Nearly 20 years ago when I joined the Inland Revenue (years before it became HMRC), the Internet was new in government. In the IR HQ, there was one PC that had access to the ‘net – via a dial up 28.8k modem if I recall correctly. Maybe it was 56.6. You don’t easily forget the noise that such a modem makes as it works its way to a connection.
Not long after, the IR’s email system was shut down for 3 days by a variant of the Melissa virus. Sometime later, that led us to back some great work by Al Collier, at what became OGC, to deploy MessageLabs anti-virus capability across the whole of the GSI. Email was never lost again, as far as I know, by anyone so protected.
The Revenue, as they called themselves, had a website. But that was it. Indeed, government had a website (open.gov.uk), but that, too, was it. In the weeks and months that followed, thanks to clear, forward thinking leadership and insightful direction from the Perm Sec (Sir Nick Montagu), the CIO (John Yard) and what would now be called the CDO (Barry Glassberg), Self Assessment went online (remember the £10 rebate to encourage you to file online? And the floppy disc with the "app" on it, replaced at the beginning of the next year with a web app built by Ezgov?), PAYE came next, then Corporation Tax and many other services.
We took hits – despite publishing the need for a maintenance window (to take Self Assessment down) for a few hours on a Friday evening, we made it to above the fold news the following day, when SA was down (when there were, maybe, at best, 10,000 users). We took flak from the Welsh, Mac using vicar who couldn’t file his tax return (we didn’t do Welsh, didn’t support Macs, and vicars, it turns out, have special tax forms that were not in our initial release; this is not a fable, there really was a Welsh, Mac using vicar that wanted to file his tax return online in 2000).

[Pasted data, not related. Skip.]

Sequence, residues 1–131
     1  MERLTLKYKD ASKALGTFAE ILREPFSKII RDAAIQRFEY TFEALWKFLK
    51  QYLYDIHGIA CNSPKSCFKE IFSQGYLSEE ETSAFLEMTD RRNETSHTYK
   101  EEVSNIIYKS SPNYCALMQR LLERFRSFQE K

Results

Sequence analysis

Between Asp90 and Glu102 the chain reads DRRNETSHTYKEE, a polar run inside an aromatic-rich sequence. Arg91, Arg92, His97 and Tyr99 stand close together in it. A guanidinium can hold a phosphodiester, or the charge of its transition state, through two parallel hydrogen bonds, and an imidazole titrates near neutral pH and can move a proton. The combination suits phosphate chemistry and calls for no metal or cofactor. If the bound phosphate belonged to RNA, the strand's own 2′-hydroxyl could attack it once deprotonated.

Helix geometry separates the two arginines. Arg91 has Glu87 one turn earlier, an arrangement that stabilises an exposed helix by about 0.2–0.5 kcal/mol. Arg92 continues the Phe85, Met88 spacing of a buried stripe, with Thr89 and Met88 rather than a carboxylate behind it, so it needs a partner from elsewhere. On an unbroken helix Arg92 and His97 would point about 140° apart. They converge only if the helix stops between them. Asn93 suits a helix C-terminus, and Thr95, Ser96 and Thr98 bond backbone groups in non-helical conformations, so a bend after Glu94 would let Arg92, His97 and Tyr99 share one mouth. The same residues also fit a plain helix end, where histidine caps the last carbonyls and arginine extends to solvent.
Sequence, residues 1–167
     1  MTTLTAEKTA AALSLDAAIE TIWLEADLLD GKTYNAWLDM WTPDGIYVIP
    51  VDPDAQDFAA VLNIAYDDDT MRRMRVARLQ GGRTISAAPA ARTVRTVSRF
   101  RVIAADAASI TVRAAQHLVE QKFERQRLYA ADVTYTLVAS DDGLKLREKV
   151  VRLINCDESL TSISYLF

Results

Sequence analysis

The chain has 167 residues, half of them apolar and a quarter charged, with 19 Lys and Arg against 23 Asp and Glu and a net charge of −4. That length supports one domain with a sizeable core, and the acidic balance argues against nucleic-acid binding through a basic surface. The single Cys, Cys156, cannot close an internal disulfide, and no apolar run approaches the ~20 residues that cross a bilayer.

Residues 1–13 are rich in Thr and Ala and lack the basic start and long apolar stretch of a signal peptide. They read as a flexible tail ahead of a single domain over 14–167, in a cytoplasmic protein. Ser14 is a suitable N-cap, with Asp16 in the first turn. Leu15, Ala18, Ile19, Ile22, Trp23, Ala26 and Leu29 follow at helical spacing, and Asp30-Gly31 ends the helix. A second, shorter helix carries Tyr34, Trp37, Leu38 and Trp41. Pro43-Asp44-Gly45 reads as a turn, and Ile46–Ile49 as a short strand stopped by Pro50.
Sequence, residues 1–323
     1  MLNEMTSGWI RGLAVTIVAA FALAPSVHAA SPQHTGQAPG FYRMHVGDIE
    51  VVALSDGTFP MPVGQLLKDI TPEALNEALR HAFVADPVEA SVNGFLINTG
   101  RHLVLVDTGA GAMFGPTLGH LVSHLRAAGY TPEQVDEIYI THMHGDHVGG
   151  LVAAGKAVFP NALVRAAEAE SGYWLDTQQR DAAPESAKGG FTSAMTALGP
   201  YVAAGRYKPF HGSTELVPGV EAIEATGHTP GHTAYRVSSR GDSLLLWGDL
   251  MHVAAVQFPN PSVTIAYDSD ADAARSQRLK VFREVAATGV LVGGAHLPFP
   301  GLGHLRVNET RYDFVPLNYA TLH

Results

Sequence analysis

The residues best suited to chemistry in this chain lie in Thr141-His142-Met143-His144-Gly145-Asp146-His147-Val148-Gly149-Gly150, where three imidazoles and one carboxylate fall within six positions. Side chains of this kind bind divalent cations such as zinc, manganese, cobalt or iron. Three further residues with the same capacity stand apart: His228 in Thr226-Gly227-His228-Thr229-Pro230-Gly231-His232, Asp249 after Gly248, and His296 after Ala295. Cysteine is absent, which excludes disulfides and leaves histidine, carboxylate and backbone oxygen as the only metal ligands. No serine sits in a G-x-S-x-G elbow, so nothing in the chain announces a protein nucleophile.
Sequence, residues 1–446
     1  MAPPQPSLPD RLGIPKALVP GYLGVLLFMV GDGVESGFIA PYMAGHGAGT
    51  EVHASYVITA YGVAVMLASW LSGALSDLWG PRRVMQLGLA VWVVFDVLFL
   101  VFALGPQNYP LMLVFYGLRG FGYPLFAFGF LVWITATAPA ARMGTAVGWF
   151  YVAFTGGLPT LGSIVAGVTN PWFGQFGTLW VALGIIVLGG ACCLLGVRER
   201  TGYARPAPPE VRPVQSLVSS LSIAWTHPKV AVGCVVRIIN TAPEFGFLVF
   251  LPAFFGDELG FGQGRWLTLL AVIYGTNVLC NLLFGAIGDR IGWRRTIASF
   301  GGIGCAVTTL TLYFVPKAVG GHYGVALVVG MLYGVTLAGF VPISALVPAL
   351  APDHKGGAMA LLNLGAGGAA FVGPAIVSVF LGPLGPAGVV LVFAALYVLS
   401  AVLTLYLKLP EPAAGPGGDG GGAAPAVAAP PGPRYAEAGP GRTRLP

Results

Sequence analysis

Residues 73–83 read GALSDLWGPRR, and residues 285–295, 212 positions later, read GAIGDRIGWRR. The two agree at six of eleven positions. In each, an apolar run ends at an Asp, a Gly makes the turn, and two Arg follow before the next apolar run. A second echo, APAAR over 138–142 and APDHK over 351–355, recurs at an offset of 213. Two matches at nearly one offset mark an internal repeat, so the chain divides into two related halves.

We built and rebuilt and threw some things away that didn’t;t work. We ran parallel projects in competition to see what would work and to try and ensure that at least one horse would cross the finish line in time, Before there was agile, this was agile.
As we worked to put PAYE online, the foundation of it was really the GovTalk standard that the Office of the e-Envoy had already put together (I liked to describe GovTalk as the envelope that you put a letter in, along with the format for the address and the writing inside; the content was yours to figure out). We worked with dozens of both major and minor software vendors – from Rutherford Webb to Sage through to Oracle – to agree the PAYE XML format that would flow through the Government Gateway (which was in-flight at the same time as PAYE) and into the IR’s systems. It was detailed work, led mostly by the inimitable and irrepressible Phil Stradling, but it established two important baselines – (1) there would be a single front door into online government services, via the Gateway and (2) the format adopted for all messages through that route would be GovTalk compliant. Phil was quietly responsible for many firsts in the world of e-government. I suspect we’ve never thanked him sufficiently for the incredible work he did.